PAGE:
There’s no question—we are in a recession. Budgets are tight, and every dollar spent faces more scrutiny than ever. But this is no time to sacrifice product quality or take chances when it comes to product inspection. Consumers are reigning in spending, so any question about a product’s safety or integrity may prompt shoppers to switch to another brand.
Explore this issueFebruary/March 2009
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The economic downturn may leave some companies in a challenging position: While looking to save money and trim budgets, they may also be overdue for a metal detector or X-ray system investment or upgrade. Making a case to purchase non-value add equipment may seem difficult. Whatever the reason for an inspection investment, however, it is critical to build a rock-solid case before asking for capital to invest in new equipment. Management teams prefer to see hard evidence showing how the new equipment’s total cost of ownership (TCO) will be paid back over a relatively short period of time. By using a simple payback model, any quality or process engineer can compare the costs of using outdated technology or techniques to investing in a new inspection system and, potentially, show clear savings in dollars and cents.
Most companies choose to invest in either a metal detector or X-ray system to inspect their products for a variety of possible contaminants, from small rocks or metal equipment parts to glass or missing or damaged components in a package. Usually, this investment is driven by an internal mandate or policy, not a law or regulation. Deciding whether an X-ray system or metal detector is right for your inspection needs depends on a number of variables such as possible contaminants, product packaging and, of course, budget. Both types of systems offer clear advantages and disadvantages, but making the right choice begins with understanding the technology and how its limitations will affect your desired inspection process.
Companies choose to install inspection systems for a host of reasons, and the cost of technology varies considerably based on their needs. Most production facilities must comply with hazard analysis and critical control point and/or International Organization for Standards policies and want to select systems that will assure they achieve mandated levels of safety. In other cases, contamination problems may be unavoidable or random and companies want to be proactive, such as when a contaminant must be separated from raw materials. Finally, for some companies, it can be potential customers or past contamination issues that prompt management or engineers to purchase an inspection system. And this can steer them toward a particular technology.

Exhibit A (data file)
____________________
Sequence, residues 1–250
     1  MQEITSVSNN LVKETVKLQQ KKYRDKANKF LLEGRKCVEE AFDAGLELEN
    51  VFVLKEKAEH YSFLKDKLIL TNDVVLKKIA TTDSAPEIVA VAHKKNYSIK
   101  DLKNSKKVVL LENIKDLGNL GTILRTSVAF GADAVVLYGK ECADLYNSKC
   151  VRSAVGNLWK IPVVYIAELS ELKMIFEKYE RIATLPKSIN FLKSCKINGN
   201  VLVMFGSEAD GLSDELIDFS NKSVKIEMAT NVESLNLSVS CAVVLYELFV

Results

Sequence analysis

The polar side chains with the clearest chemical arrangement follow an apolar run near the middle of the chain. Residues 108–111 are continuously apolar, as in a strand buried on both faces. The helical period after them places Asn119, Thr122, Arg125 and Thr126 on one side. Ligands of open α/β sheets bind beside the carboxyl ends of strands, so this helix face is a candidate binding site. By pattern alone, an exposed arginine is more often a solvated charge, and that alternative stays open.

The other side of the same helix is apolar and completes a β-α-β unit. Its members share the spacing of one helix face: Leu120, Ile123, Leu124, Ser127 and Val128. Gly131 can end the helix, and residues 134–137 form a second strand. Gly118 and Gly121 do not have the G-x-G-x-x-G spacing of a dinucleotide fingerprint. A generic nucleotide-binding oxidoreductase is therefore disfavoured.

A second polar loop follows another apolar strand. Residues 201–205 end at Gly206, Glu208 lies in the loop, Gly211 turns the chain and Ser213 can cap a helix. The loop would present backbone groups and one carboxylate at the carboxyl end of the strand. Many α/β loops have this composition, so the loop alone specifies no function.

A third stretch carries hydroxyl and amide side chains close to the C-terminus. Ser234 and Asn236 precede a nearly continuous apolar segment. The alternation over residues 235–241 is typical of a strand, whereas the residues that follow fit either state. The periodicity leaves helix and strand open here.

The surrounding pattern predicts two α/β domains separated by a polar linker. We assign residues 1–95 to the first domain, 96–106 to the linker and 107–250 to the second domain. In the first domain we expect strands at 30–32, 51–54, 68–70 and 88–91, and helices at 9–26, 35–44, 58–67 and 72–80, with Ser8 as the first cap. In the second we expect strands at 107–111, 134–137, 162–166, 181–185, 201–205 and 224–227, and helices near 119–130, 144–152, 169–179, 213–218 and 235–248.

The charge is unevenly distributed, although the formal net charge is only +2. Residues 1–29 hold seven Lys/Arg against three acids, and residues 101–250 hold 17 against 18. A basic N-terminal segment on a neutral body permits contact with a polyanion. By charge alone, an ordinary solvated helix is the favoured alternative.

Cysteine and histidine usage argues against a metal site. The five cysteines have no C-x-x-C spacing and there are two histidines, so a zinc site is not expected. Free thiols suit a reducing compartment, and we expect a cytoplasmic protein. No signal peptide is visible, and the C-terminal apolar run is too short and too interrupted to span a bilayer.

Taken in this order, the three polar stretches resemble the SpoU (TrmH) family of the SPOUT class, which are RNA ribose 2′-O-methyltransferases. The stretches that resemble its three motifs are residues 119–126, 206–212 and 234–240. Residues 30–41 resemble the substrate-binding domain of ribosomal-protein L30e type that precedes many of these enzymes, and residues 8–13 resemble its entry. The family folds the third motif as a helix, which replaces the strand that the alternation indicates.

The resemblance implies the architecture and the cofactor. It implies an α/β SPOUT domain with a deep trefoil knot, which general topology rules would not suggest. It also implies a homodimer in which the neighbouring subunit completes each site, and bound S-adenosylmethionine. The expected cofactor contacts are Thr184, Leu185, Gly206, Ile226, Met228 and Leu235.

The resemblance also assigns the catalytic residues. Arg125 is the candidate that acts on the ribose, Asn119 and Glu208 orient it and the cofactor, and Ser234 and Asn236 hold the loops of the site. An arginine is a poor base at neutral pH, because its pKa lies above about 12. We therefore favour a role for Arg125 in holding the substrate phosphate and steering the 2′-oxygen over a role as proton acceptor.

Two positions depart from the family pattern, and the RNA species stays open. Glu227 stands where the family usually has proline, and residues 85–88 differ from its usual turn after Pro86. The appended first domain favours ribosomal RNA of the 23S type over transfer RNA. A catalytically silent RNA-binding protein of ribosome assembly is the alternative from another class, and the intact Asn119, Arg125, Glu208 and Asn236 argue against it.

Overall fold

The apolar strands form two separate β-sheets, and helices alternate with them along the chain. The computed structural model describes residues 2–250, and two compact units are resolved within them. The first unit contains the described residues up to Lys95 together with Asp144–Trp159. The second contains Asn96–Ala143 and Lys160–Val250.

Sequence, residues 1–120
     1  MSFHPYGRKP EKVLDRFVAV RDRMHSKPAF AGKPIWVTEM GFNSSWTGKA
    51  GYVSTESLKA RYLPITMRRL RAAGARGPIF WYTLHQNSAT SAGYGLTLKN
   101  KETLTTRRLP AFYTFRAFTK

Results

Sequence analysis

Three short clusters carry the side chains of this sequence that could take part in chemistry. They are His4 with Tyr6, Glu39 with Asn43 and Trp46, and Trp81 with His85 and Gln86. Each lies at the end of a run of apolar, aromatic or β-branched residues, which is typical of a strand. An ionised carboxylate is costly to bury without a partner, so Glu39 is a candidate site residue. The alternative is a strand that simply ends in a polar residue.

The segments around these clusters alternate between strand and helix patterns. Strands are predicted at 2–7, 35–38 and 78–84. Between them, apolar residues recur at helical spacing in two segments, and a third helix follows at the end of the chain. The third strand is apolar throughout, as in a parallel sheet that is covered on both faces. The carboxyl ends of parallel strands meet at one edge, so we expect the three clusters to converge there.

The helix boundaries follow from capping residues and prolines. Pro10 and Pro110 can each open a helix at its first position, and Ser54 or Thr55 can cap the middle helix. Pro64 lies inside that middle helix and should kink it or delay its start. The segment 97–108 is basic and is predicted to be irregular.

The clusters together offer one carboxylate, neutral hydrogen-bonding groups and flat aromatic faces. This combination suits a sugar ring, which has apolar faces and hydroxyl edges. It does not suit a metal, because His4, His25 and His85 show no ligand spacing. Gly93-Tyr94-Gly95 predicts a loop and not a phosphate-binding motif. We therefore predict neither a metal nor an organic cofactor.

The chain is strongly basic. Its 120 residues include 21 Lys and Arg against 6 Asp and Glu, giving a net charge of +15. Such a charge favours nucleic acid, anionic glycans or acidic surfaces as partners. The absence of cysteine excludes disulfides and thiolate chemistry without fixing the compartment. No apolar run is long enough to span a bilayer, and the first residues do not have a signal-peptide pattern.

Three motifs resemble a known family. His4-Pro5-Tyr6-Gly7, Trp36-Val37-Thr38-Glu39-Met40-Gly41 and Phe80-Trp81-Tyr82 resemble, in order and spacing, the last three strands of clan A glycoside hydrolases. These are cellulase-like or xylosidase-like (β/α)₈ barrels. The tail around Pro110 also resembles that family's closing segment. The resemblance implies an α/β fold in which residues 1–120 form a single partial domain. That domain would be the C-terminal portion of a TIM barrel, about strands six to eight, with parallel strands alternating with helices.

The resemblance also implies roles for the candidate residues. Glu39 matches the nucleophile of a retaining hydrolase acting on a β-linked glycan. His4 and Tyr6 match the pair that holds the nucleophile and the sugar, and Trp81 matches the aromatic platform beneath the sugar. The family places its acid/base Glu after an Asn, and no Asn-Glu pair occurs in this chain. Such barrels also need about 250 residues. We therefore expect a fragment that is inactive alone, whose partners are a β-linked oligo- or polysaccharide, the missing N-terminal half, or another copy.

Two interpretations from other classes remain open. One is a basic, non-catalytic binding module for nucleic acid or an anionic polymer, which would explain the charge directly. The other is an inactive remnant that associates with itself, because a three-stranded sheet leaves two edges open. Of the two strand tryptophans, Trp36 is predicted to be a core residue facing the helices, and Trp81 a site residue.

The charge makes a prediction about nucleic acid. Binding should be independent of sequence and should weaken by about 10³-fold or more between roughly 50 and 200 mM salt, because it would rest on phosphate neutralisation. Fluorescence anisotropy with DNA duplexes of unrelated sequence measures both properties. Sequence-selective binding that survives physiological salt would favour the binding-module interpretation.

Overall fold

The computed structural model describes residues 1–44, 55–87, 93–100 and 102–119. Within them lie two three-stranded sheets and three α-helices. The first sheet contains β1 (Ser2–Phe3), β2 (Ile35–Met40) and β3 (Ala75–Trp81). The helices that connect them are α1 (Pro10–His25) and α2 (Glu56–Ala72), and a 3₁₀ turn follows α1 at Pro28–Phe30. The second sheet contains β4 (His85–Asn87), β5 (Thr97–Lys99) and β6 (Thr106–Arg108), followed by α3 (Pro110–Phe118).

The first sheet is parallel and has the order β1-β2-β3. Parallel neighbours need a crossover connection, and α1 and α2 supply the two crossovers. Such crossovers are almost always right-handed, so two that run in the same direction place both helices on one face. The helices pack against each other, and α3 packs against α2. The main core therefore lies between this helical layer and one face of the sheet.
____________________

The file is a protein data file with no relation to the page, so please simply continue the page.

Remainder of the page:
Know Your Costs
The task may seem daunting. To build your argument, you must calculate costs associated with not purchasing new equipment and compare those to how long it will take to earn back TCO. Surprisingly, you don’t need to be a mathematician to gather the information needed to lay out how soon your company will earn back its investment. You simply need a model for calculating payback that is specifically tailored to inspection equipment.
First, you have to know what your costs are over a typical five-year period. The first year of ownership is obviously the most expensive because it includes expenditures like the cost of equipment, installation, and start-up, training, spare parts, engineering services, and, sometimes, the disposal of old equipment. After the first year of ownership, operating costs, maintenance costs, unscheduled downtime, and extended warranties all continue to be expenses.
Second, you have to explain all potential areas in which new inspection equipment will save money. Typically, the most savings can be found in scrap reduction, rework reduction, avoided inspection charges, eliminated product returns, and tax incentives.